I’ve had a garden for decades, so it’s just second nature for me to order seeds and set up the lights when winter starts to lose its icy grip. You, on the other hand, may be vaguely thinking about a small garden plot this year for the very first time. Need convincing that growing your own vegetables is worth the time and effort? Read on.
Pick your food at its peak of ripeness, right before you prepare it.
If you’d rather not eat food that has been treated with pesticides and preservatives, you don’t have to. You can do what you want in your own garden.
A packet of tomato seeds costs a dollar or two, the same as a couple of beefsteak tomatoes. From one packet you can grow hundreds of plants, each of which will produce several tomatoes. Do the math.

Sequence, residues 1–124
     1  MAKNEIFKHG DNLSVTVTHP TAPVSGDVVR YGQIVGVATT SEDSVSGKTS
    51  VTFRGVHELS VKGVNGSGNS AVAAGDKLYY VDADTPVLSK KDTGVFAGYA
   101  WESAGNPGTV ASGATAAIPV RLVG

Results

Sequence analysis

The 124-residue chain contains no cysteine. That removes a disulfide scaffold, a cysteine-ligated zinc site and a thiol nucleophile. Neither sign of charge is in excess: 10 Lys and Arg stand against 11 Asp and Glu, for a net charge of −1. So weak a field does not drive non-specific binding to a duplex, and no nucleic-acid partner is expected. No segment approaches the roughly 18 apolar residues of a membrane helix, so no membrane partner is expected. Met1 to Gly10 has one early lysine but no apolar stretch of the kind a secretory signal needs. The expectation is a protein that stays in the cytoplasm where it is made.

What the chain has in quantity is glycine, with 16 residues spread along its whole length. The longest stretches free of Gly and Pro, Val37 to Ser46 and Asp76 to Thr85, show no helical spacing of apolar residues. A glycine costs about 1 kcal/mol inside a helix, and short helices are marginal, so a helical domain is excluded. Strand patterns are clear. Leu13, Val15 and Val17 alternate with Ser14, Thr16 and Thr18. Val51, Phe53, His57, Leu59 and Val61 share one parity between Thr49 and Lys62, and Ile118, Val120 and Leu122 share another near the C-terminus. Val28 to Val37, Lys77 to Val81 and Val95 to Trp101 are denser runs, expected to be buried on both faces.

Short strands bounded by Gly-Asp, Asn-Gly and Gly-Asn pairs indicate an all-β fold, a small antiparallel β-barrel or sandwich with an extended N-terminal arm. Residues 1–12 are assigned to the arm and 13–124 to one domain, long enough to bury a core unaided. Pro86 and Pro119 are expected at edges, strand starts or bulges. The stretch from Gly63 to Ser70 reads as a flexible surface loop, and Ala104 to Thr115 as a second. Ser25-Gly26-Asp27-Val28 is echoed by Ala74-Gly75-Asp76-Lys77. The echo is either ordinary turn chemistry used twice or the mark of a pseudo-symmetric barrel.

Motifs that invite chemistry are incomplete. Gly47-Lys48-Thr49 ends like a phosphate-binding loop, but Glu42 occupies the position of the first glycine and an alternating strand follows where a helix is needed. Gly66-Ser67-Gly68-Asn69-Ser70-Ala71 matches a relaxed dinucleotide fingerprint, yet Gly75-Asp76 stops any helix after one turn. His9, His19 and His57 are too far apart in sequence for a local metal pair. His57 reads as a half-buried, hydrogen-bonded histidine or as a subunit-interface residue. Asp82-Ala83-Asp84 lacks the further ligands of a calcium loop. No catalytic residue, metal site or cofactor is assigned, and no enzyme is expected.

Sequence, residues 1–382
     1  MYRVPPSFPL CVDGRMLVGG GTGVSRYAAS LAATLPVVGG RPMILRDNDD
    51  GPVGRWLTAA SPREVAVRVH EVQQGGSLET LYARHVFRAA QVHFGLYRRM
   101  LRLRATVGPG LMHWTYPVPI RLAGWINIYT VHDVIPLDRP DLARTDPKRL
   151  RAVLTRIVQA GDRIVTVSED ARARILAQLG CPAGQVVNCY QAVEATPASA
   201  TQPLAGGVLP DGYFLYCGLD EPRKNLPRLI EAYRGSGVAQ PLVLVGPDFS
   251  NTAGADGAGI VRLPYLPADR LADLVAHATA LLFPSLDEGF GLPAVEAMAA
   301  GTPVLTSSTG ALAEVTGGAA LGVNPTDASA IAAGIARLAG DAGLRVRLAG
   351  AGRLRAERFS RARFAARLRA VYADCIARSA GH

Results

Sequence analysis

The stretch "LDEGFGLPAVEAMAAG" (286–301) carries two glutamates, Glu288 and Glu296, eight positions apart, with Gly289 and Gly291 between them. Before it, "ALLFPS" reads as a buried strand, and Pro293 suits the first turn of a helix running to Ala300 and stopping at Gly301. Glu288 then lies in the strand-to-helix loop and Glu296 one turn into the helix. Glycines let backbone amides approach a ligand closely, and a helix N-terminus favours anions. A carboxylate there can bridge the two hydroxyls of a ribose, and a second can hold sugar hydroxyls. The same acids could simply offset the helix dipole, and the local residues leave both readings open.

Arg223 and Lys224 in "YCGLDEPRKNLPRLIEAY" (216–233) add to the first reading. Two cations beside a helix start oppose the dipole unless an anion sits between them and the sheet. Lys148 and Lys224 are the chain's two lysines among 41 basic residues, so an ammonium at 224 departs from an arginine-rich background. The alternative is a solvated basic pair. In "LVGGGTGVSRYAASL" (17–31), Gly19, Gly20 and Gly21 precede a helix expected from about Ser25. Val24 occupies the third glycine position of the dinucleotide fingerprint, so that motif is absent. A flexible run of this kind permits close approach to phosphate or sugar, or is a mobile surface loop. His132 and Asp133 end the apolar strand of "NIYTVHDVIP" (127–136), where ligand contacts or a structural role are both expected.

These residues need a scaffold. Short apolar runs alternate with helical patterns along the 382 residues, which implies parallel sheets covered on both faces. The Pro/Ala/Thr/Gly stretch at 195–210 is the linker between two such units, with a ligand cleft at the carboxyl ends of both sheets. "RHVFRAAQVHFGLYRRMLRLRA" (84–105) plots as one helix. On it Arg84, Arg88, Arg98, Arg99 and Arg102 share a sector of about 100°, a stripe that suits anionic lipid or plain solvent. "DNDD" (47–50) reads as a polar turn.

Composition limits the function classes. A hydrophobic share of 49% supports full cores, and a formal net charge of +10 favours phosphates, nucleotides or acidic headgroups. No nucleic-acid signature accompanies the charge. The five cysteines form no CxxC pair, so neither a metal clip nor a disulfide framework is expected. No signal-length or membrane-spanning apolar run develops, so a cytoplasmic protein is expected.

If you like to cook, you’ll relish the chance to turn your produce into tasty, nutritious dishes for family and friends.
You can’t get more local than your own yard.
There are hundreds of heirlooms you won’t find in groceries and supermarkets. In your own garden, you can grow any variety of herb, fruit, berry, or vegetable you like.
Exercise and fresh air
More about growing your own food ...
Why Grow Your Own Food?• Why Grow Your Own Food?
• The Advantages of Growing Backyard Produce
• Planning Your First Vegetable Garden
During the growing season, you’re outdoors on a regular basis. You’re planting, weeding, harvesting, hauling. Gardening won’t prepare you for marathon running, but in terms of physical fitness it does beat flipping channels while sprawled on the couch.
Teach your children where food comes from and how it’s grown. And develop your own knowledge of weather, plant physiology, insects, soil, and so on.
Friends, neighbors, and co-workers will appreciate an occasional garden gift, and you may even convince them to start their own garden.